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18 December 2023

Future of democracy: HSRC work on Zondo Commission outcomes

Human Sciences Research Council (HSRC)

In June, the HSRC hosted a colloquium on the Zondo Commission’s state capture findings and implications for the future of democracy in South Africa, as an outcome of the Future of Democracy project. Much of the media coverage after the event focused on Chief Justice Raymond Zondo’s controversial claim that Parliament would not be able to stop another attempt at state capture, due to too little change in the status quo. Antoinette Oosthuizen spoke with Narnia Bohler-Muller about the importance of reflecting on state capture and the findings of the Zondo Commission in a public arena outside of the courts. They also discussed a worrying finding of an HSRC survey that many South Africans are unaware of the Zondo Commission’s work, despite daily news reports and live television screenings of proceedings.

In June 2022, the Zondo Commission filed the final part of its report on state capture in South Africa. The findings describe multiple incidents of state capture that took place in South African government departments and state-owned enterprises during the former presidency of Jacob Zuma. Released in four parts, the report outlines extensive corruption, for example, in parastatals like the South African Revenue Service (Sars) and South African Airways (SAA), at the state-owned companies Denel, Eskom and Transnet, and involving the privately owned state contractor BOSASA, as well as the attempted capture of the National Treasury.

Chaired by then Deputy Chief Justice Raymond Zondo and held from January 2018 to June 2022, the Commission heard testimony from more than 300 witnesses over 429 days of public hearings.

Support from the HSRC

The HSRC, through its Future of Democracy project, has been helping to synthesise the outputs of the Zondo Commission, and is now working with the CSIR to archive the data generated by the hearings.

In June 2023 the HSRC hosted a colloquium titled ‘Post Zondo: The Future of Democracy’ at the CSIR International Convention Centre in Pretoria. The aim was to discuss the Commission’s findings but also to gauge public appetite for democracy as a form of governance.

The colloquium was a high-level, in-person event with presentations from stakeholders who included Minister of Higher Education, Science and Technology, Blade Nzimande, former Constitutional Court judges Johann Kriegler and Richard Goldstone, members of academia, and civil society. The proceedings were filmed and broadcast live on YouTube, and it was attended by the media, mainly to cover Zondo’s address.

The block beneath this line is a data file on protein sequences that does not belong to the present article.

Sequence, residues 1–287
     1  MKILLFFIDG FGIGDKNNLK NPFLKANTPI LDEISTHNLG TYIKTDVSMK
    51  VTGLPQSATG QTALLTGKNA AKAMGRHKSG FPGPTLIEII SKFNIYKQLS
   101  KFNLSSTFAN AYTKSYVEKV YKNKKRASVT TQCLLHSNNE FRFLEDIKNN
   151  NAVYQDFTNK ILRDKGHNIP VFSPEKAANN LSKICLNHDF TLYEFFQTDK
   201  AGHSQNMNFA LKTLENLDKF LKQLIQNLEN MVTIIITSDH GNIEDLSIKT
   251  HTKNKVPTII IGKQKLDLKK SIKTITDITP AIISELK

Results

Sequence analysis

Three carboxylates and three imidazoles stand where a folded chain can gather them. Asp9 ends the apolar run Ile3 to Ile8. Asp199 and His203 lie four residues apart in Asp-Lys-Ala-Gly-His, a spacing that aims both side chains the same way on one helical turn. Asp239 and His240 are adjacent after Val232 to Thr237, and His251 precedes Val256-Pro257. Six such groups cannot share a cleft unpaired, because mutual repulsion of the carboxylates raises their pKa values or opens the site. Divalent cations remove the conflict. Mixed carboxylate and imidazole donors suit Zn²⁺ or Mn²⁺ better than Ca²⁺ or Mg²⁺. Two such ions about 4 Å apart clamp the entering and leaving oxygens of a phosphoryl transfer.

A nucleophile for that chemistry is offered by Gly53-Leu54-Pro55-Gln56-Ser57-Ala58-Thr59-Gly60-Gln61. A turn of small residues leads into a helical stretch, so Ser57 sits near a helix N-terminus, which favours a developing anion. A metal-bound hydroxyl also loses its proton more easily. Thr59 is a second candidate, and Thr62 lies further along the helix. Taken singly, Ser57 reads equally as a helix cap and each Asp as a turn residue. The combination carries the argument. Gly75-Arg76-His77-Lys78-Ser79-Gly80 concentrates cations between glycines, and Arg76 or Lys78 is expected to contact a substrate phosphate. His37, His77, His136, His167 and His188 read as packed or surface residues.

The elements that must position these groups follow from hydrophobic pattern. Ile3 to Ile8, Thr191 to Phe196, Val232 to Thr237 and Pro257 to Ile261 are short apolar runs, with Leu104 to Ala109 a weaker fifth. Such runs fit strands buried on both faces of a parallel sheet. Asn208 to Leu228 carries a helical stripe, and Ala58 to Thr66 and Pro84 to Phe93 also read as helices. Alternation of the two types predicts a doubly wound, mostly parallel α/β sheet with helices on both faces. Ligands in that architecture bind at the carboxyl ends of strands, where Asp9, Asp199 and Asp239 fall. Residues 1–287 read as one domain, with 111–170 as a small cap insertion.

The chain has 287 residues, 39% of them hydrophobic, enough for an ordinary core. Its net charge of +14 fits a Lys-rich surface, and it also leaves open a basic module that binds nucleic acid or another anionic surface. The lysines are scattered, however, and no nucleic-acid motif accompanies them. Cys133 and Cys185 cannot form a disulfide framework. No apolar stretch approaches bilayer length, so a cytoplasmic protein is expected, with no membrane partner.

Speaking out and ruffling feathers

During his keynote speech, Zondo commented that Parliament had failed to take steps to expose and stop state capture timeously, causing South Africa to lose over R58 billion:

… if another group were to do the same, Parliament would still not be able to stop it. That is simply because I’ve seen nothing that has changed. The question that arises then is: If Parliament won’t be able to protect the interests of the people, if there are attempts for another state capture, who will protect the people?

He went on to suggest ways to prevent a recurrence, including giving people more power through electoral reforms, and establishing a standing anti-corruption commission to monitor the government.

Later that day, Parliament responded with a statement expressing “shock and strong objection” to Zondo’s remarks. The press release stated that Parliament should be given the necessary space to fulfil its obligations, and that it had “taken decisive steps to address” the recommendations of the Zondo Commission. These steps included developing rules and guidelines to enhance its oversight processes and conducting research to “explore international best practices”. To monitor progress on implementation of these initiatives, Parliament’s Rules Committee “had decided that quarterly reports on the progress of these initiatives [had to be] tabled”.

A week after the colloquium, Business Day reported on a meeting between Parliament’s presiding officers and Zondo, described as “constructive” by National Assembly Speaker Nosiviwe Mapisa-Nqakula and National Council of Provinces Chairperson Amos Masondo. The National Assembly stated that it was implementing 19 recommendations, 11 of which had already been completed. Parliament had started recruiting for various advisory roles, legal and otherwise, to strengthen its capacity.

EFF members carry a protest placard of Atul Gupta during protests to remove former President Jacob Zuma in Cape Town. Photo: Discott, Wikimedia Commons

Spotlight on the HSRC